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Non-traditional students now make up a significant percentage of learners at the nation’s colleges, technical schools and universities. In fact, only 29 percent of students in higher education meet the definition of traditional students attending a four-year college or university immediately after high school.

Defining Non-Traditional Students

Institutions create their own definitions for non-traditional students, but these students do share several key criteria. Any one of these criteria can identify a student as non-traditional, and all can cause students to have specific and different educational needs.

  1. Age. Non-traditional students are typically entering or re-entering higher education at 21 years of age or older.
  2. Part-time student status. These students are more likely to attend classes part-time due to other responsibilities.
  3. Full-time work. Non-traditional students are more likely to maintain a full-time job while attending classes.
  4. Dependents. Family responsibilities, including children or aging parents, can be a defining characteristic of non-traditional students.
  5. High school graduation status. Students may be more likely to have a high-school equivalency certificate rather than a high school diploma.

Supporting Non-Traditional Students

According to author Jovita M. Ross-Gordon,

A key characteristic distinguishing reentry adults from other college students is the high likelihood that they are juggling other life roles while attending school, including those of worker, spouse or partner, parent, caregiver, and community member. These roles may be assets, both through the social supports they provide and through the rich life experiences that may help adult learners make meaning of theoretical constructs that may be purely abstract to younger learners. Yet more often, these multiple roles present challenges in students’ allocation of time for both academic study and participation in campus-based organizations and activities.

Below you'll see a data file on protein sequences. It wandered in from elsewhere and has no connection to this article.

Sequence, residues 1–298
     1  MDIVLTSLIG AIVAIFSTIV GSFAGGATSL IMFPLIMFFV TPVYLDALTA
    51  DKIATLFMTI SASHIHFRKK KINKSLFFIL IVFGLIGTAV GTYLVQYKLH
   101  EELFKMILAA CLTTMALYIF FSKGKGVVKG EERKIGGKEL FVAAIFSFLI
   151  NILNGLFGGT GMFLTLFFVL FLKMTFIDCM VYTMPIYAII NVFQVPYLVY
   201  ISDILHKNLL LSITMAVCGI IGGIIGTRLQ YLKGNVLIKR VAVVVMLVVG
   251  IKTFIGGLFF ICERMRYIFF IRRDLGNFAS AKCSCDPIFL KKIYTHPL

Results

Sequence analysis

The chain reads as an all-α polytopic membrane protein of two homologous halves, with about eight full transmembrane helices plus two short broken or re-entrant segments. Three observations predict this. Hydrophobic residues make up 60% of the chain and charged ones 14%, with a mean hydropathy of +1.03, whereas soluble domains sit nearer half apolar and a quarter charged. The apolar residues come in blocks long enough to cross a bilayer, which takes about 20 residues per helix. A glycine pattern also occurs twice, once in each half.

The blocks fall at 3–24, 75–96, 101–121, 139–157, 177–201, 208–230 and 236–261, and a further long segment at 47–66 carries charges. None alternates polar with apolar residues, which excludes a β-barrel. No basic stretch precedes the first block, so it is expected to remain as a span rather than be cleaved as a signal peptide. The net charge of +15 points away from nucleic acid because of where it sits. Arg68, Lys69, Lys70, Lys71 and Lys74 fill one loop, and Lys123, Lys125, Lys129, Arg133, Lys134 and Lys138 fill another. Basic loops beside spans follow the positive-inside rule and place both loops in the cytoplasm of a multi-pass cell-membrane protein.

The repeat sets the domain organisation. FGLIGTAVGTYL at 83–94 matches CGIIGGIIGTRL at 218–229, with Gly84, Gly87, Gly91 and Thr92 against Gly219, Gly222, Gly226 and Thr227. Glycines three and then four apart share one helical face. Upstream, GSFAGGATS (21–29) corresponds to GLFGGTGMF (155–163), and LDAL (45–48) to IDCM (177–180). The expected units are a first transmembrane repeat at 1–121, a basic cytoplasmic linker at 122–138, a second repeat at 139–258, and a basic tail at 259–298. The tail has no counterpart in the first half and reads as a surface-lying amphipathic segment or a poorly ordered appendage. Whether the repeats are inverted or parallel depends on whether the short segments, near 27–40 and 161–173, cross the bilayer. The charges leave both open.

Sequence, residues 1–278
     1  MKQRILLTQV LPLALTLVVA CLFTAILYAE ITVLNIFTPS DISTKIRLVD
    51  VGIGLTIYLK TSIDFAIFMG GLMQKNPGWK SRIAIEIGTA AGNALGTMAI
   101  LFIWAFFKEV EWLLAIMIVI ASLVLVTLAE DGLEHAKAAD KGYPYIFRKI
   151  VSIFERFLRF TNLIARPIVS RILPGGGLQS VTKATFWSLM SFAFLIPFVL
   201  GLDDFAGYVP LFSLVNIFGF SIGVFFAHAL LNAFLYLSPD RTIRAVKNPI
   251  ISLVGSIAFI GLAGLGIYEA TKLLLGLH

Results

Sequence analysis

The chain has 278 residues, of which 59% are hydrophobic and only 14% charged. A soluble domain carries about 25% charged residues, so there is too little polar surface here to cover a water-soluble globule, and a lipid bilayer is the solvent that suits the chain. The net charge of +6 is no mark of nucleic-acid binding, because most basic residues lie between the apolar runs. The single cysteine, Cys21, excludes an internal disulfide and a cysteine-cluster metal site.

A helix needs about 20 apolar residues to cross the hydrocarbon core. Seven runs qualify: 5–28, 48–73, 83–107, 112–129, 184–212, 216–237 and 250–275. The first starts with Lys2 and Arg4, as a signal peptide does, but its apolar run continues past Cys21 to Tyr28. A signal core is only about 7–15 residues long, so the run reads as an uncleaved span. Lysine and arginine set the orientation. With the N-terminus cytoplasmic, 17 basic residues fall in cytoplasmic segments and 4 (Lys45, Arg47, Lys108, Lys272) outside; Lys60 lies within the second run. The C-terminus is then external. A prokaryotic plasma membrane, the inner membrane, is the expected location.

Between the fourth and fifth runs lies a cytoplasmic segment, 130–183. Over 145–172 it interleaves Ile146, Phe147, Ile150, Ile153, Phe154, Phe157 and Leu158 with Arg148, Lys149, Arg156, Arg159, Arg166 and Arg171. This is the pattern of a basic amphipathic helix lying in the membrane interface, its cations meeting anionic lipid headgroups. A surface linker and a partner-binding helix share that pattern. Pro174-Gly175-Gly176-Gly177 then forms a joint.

In order to meet the needs of these students, institutions need to offer flexible and manageable learning solutions.  Innovative learning options are ideal for the non-traditional student population. Smart online solutions, like YuJa, are essential to implement these innovative learning process and support non-traditional learners. Unlike traditional students, non-traditional students may struggle to attend on-campus classes, discussion or study groups, or other activities.

How YuJa Helps Non-Traditional Students

  • Lecture capture facilitates hybrid and flipped learning, supporting learners who may not have been in the classroom in a number of years. With these models, students have additional instructor support available in class.
  • Online access to instructors through online office hours can be more practical and flexible for students with additional responsibilities.
  • Students unable to attend classes can watch lecture captures at home or via a mobile device to catch up with missed class time.
  • Self-paced and competency based learning can make use of lecture captures, online discussions and other resources to allow and encourage learners to proceed through their educations without traditional schedules.
  • Online access to real-time discussions allows students to engage with and get to know one another, even if time on campus is limited.

“Definitions and Data.” Institution of Educational Sciences. Web. Accessed on 19 October 2015.
Casselman, Ben. “Number of the Week-Non-Traditional Students Are Majority on College Campuses.” Wall Street Journal. Web. Accessed on 19 October 2015.
Ross-Gordon, Jovita M. “Research on Adult Learners: Supporting the Needs of a Student Population that Is No Longer Non-Traditional.” Peer Review. Web. Accessed on 19 October 2015.